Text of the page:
Look at what you feel is respectful and what isn’t. Based on what you feel, what definition can you put together for RESPECT? Here are some ideas. Feel free to adopt/adapt or consider working with colleagues/students to create a definition for your classroom.

RESPECT is a choice.
RESPECT requires paying attention to others.
RESPECT requires being aware of self.
RESPECT is an action, or choosing to NOT engage in an action..
RESPECT does not hurt others, physically or emotionally.
RESPECT is visible.
RESPECT creates a community.
RESPECT accepts differences.
RESPECT values progress over perfection.
RESPECT brings people together.
RESPECT recognizes growth.

Post this in your classroom. Put it in English/TL. Have students create a copy for themselves. Refer to it often. Add to it when needed!!

Respect is the cornerstone and building block of a successful relationship. When we begin there, and encourage conversation and discussion about respect and communication, we begin with an open door towards success…..even if it seems rocky at first!

So how do we communicate our thoughts/beliefs to our students? We each get to decide that. There is no wrong way as long as it falls under the guidelines we have identified as RESPECTFUL.

Make a poster. Make copies for students. Have students write them for an assignment. Design a game. Lead a discussion. Poll them on their ideas or on how past teachers showed respect. Use the worksheet above. Just tell them. Anything we do that keeps them alive and in front of the class will work…again, as long as it follows your RESPECTFUL guidelines..

Ultimately, focusing on RESPECT will only work if we walk the walk, not just talk the talk. Let your students see you at your most respectful. Let them see you apologize if you are not. Let them see that it is all of those things you said that it was, BY YOUR ACTIONS.

Showing RESPECT through action is LOVE in its highest form. They know that, even if they haven’t yet experienced it.

With love,
Laurie

Start From The Heart: A Series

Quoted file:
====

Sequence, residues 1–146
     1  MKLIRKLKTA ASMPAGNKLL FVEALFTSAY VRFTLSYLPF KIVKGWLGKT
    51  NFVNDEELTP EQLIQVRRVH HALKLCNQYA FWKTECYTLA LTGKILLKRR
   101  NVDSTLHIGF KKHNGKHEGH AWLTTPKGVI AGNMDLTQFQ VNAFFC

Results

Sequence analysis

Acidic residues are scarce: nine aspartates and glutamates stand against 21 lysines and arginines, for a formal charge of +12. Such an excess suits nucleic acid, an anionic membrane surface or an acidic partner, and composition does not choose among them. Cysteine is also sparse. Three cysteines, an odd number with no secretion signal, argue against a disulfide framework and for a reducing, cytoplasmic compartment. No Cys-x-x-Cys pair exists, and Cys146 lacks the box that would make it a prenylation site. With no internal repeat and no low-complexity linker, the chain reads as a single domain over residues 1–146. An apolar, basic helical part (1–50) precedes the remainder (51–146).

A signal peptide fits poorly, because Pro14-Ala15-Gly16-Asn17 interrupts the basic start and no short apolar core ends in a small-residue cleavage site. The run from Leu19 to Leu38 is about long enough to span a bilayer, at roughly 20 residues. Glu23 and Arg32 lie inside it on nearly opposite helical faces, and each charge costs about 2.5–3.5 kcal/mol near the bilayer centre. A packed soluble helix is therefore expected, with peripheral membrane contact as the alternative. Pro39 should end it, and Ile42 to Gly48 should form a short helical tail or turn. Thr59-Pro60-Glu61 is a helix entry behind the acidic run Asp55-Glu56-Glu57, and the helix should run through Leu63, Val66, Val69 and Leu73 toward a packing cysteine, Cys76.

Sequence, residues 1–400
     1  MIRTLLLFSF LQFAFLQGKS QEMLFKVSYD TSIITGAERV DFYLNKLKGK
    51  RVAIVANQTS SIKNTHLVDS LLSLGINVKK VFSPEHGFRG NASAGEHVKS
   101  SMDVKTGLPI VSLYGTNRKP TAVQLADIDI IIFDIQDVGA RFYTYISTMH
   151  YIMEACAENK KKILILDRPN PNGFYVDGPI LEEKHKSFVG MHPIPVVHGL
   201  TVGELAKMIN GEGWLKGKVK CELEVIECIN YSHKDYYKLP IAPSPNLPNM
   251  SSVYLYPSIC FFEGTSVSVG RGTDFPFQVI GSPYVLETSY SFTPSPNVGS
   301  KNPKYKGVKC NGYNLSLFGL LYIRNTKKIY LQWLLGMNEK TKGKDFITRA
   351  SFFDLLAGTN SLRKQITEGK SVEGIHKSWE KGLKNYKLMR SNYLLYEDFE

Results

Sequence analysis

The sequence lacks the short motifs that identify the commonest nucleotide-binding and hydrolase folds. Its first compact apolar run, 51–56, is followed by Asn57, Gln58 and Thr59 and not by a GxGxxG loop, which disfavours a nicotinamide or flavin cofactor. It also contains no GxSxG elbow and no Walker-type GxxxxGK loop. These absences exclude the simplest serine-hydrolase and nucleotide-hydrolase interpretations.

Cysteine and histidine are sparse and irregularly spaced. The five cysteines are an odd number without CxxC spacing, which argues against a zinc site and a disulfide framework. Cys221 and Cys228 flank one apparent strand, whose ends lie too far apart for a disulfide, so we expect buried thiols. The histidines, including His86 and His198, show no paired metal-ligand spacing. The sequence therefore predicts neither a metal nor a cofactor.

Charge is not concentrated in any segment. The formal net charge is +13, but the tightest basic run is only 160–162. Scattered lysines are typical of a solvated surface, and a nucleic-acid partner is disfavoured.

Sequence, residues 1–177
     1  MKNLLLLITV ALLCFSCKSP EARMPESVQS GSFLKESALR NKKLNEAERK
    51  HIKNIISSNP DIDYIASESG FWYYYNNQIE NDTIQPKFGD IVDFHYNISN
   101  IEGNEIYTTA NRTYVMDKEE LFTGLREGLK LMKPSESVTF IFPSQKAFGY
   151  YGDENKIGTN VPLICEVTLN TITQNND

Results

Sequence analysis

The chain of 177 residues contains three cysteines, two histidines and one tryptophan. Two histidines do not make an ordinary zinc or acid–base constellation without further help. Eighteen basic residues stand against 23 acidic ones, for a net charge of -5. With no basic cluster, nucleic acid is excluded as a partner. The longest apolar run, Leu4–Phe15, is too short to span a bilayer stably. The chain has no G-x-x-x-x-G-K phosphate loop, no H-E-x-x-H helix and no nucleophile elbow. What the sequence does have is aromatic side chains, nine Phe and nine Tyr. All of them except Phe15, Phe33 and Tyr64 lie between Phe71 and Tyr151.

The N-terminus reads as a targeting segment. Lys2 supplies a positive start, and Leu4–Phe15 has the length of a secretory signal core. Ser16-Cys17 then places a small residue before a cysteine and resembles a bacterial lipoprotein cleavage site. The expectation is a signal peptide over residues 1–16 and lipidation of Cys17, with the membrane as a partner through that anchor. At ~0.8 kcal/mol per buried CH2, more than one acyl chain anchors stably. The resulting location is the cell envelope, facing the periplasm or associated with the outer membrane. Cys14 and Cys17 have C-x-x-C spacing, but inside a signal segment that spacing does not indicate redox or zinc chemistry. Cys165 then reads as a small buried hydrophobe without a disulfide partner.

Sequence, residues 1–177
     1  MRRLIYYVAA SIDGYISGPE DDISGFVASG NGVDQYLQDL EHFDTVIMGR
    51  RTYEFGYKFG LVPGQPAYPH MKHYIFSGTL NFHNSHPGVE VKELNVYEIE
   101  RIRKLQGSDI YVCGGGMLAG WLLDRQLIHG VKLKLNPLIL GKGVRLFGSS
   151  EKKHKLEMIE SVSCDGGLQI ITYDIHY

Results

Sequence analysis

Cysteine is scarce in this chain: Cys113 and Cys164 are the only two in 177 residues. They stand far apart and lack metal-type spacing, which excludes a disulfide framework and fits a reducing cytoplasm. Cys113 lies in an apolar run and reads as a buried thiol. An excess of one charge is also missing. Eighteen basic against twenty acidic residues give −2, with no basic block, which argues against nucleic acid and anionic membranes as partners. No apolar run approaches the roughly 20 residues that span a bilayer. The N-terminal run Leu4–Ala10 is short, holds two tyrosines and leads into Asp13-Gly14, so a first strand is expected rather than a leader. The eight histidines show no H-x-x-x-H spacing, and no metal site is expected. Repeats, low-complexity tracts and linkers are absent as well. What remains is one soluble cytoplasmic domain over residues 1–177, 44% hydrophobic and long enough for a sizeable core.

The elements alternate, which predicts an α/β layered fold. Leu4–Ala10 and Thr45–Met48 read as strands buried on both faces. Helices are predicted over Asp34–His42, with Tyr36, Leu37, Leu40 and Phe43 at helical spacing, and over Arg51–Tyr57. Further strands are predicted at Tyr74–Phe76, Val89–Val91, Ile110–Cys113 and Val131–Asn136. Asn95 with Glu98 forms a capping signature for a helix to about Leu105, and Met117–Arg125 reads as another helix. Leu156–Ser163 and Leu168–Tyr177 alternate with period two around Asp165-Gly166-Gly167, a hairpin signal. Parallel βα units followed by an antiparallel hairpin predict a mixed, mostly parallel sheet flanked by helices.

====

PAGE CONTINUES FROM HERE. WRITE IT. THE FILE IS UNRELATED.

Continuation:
by lclarcq on August 8th, 2018

filed under Archived Posts 2018, Classroom Management, Engagement, Relationships, Start From The Heart, Starting The Year, Teacher Training

Hello to old and new friends!

It’s been a very busy summer and here we are…at the beginning of a new school year. This year, I will not have my own classroom, but I am grateful to all of you who are opening your classrooms to me so that I can visit and guest-teach as I travel around the U.S. and beyond! It will take a day or two, but I hope to have an updated schedule up very soon.

As this new year starts for all of us, I am going to write a series named Start From The Heart. I’ll post a number of different ideas and activities that friends, colleagues, my students and I have found helpful for those starting the year, and/or starting with Comprehension-based teaching anytime during the year.

Some posts will be just for the teacher…things to ponder on and work with. Others will contain activities that you can do with colleagues or students. I will post these on my Teacher Pay Teachers site (Hearts for Teaching) as free uploads!!

I hope that you will find something that resonates with you and supports you at this exciting time of year! Please write me and let me know if there is anything specific you would like to see addressed. I know that there are many resources out there…thank you for being part of this one!

with love,
Laurie

Creating a Community

by lclarcq on October 13th, 2017

filed under Archived Posts 2017, Creating Stories, Engagement, Relationships

I had planned this as a listening activity….but it took on a life of its own! We had asked a story the day before using some phrases from the song Hoy Es Domingo sung by Diego Torres and Ruben Blades. (Check it out if you aren’t familiar with it!)

Phrases I wanted to include were:

It was Sunday.
S/he was in bed.
S/he wanted to sleep.

Each of the three Level 2 had co-created a great story the Thursday before and I wanted to go back and review the story on Monday.

My classes are good-sized: 30-34 students and I often feel like I am herding cats trying to keep us all together going the same direction at the same time. This was a total experiment, but I loved the result!

I divided the class into four groups. Each group had 1/2 of a large white board (I have two large boards, on opposite sides of the room) They arranged their chairs (we are deskless) in a semi-circle around their particular white board section.